Sunday, 19 July 2009


While listening to This Week In Tech (TWIT, you'll get the paradox by reading below) I listened to an interesting discussion on an idea that could make artificial intelligence and useful robots a reality. Imagine computers that could become sociopathic! We could replace all the CEO's out there and save billions in salaries and bonuses alone. Anyway read on for my version of the story . .

In 1869 Dmitri Mendeleev noticed four gaps in the periodic table. They turned out to be the undiscovered elements scandium, gallium, technetium and germanium.

In 1971, Leon Chua an electronics engineer was fascinated by the fact that electronics had no rigorous mathematical foundation.

There are (apparently) four basic quantities that define an electronic circuit, electric charge, the change in that charge over time (current), magnetic fields (magnetic flux or the field's strength) and that magnetic flux variability over time (voltage). Four interconnected things, mathematics says, can be related in six ways. Chua found something missing, a fourth basic circuit element besides the standard trio of resistor, capacitor and inductor. Chua dubbed it the "memristor". The only problem was that as far as Chua or anyone else could see, memristors did not actually exist.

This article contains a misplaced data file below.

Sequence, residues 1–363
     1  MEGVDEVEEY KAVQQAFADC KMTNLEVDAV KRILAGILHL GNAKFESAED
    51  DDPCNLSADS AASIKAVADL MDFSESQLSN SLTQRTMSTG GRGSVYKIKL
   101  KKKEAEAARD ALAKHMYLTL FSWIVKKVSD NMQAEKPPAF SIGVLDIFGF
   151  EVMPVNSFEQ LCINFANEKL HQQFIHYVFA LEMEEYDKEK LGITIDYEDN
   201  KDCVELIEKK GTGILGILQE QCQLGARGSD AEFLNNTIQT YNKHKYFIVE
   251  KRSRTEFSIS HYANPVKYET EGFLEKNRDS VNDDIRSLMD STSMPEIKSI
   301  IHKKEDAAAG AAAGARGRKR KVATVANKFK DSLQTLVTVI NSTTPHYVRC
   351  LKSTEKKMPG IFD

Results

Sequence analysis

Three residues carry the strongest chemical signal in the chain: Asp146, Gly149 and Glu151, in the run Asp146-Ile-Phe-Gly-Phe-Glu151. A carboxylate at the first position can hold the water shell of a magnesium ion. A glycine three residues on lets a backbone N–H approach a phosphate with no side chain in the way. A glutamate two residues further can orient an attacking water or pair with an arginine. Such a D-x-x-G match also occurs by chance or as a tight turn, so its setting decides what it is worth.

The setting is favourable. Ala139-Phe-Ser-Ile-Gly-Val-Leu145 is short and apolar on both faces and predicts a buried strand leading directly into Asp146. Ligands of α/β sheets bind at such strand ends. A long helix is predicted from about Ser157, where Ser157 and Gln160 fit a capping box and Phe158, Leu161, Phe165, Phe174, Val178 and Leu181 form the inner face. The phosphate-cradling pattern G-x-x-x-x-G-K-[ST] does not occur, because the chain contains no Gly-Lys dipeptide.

So charge and current, and magnetic flux and voltage, are connected through their definitions. That's two. Three more associations correspond to the three traditional circuit elements. A resistor is any device that, when you pass current through it, creates a voltage. For a given voltage a capacitor will store a certain amount of charge. Pass a current through an inductor, and you create a magnetic flux. That makes five. Something is missing?

This missing 'something' Chua calculated, was the memristor that would behave like a resistor but could "remember" what current had flowed through it before. Memristors may be able to mimic how the brain's neurons interact. The best previous hope for creating an artificial brain, neural networks are simply software running on standard computing hardware. What Chua was aiming for is actually a change in architecture. Read more . . ? See the original article in New Scientist where you can read for yourself. Enjoy.

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